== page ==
There are just certain moments that inspire our lives and for me this is one of them. To have that kind of self-assurance, to stand up in the face of fear and prejudice and stare it down is something we all aspire to. But Peter and John has that assurance because they knew that Christ was with them. Even if he wasn’t with them physically, he was with them in spirit and in their hearts, and they KNEW when Christ said he would not leave them, they could count on his word. As can we all. And because they had such faith, they could do extraordinary things. And we can, too. We might not be able to cure the lame or make the blind see – at least not medically – but we can live our life with boldness because we have a God who loves without condition and without end. We just need to believe this is true and it will give you a renewed sense of confidence in life to face the daily struggles we encounter all the time. To find the courage in those moments when we are called upon to do something or say something that might change someone’s life. We already get glimpses of the assurance of Christ in our everyday world. The kind word of a stranger that seems to make our day. A surprise gift from a friend that lets you know you are KNOWN and LOVED. The first time a person says “I love you” and means it! Don’t those acts make us feel bold and unafraid? We can be that bold and unafraid all the time because we have a God who loves us. We just need to be reminded once in a while about how great his love is.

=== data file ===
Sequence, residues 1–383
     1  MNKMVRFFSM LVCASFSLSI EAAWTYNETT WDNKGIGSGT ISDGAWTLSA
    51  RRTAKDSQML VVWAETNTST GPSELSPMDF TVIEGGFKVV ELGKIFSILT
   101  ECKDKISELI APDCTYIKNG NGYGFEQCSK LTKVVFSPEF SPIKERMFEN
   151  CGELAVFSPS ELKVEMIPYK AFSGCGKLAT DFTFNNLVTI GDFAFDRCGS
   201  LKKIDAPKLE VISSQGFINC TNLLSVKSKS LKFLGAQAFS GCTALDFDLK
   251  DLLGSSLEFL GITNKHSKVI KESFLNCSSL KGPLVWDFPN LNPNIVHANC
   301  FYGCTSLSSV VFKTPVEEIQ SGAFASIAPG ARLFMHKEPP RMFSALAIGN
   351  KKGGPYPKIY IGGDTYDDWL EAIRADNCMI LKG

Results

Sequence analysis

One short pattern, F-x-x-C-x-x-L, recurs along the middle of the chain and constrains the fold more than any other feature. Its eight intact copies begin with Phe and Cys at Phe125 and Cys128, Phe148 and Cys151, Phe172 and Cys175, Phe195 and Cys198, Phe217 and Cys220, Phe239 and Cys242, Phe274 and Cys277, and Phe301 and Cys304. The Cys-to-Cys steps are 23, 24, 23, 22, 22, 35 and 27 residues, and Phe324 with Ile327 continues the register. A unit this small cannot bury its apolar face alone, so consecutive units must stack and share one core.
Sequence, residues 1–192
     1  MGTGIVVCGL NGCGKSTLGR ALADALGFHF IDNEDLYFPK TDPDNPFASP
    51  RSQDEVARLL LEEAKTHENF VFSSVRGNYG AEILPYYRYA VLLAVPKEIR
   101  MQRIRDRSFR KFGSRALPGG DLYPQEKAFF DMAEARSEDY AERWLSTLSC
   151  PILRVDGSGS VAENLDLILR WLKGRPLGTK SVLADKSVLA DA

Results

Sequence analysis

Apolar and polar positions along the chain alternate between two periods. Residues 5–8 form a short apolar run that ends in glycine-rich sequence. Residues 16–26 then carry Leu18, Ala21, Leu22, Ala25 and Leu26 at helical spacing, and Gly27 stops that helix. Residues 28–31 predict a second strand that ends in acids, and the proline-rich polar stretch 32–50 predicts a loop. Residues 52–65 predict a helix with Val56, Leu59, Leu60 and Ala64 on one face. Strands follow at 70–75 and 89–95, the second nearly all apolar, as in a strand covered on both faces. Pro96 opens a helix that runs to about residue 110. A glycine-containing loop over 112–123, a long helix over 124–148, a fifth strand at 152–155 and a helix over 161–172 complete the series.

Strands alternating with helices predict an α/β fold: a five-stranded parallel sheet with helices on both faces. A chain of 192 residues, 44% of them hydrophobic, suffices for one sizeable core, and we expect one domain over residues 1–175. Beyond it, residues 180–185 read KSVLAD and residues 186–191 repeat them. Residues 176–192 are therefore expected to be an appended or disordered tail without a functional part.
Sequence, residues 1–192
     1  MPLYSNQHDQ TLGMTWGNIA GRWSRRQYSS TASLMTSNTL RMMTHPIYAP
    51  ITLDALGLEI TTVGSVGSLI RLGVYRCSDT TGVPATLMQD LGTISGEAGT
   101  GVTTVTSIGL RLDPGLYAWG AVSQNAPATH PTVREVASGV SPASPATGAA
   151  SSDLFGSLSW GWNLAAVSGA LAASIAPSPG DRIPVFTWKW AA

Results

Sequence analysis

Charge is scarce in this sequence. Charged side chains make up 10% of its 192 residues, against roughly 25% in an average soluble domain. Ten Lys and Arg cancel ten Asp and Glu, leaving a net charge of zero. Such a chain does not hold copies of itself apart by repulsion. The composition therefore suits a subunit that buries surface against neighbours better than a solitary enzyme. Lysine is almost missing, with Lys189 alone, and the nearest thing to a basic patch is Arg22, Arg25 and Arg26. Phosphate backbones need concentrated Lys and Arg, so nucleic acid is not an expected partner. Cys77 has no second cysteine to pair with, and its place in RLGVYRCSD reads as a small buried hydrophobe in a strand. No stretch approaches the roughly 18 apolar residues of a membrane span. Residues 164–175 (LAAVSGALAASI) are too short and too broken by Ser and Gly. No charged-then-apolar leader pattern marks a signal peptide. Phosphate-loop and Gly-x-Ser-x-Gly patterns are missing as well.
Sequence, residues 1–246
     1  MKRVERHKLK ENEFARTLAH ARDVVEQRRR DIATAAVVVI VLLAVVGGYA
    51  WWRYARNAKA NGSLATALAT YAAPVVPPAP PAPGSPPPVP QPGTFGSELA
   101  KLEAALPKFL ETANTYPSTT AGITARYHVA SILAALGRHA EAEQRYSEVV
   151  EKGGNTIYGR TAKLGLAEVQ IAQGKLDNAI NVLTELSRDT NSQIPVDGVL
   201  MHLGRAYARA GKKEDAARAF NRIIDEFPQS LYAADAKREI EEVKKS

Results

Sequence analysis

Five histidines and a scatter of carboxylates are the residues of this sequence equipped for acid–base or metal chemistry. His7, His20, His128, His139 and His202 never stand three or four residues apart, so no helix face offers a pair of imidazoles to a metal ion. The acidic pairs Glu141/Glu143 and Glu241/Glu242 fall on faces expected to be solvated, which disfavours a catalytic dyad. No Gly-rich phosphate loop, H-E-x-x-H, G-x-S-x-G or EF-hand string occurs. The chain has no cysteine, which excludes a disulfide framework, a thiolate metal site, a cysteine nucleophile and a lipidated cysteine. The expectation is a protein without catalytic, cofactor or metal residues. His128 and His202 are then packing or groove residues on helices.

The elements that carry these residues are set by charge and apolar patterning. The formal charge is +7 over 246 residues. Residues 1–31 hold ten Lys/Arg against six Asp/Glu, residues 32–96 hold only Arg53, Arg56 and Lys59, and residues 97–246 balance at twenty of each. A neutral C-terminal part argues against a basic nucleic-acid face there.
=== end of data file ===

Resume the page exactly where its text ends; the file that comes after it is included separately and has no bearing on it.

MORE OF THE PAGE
Who wouldn’t love these faces?

We have a God who loves us so much.

So much that not only did he send his son into the world for our salvation, but he also gave us the capacity to know him and to love as he loves. We can know God today, not just through the Bible but in our every day lives by the love we give and receive. We know God in our prayers. We know God through our friendships and through the relationships we build in community. We can experience the love of God through the extraordinary ways we come together in moments of crisis. God’s love is around us all the time. We just need to have eyes to see it. This week, I don’t have a special task for you. I don’t have anything you need to do to draw closer to God. I just hope you remember, in times when you need courage and boldness that you have a God who loves you infinitely and unconditionally. And if you need a reminder, go hug a puppy.

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[1] http://www.businessinsider.com/why-working-6-days-a-week-is-bad-for-you-2013-11

[2] Ibid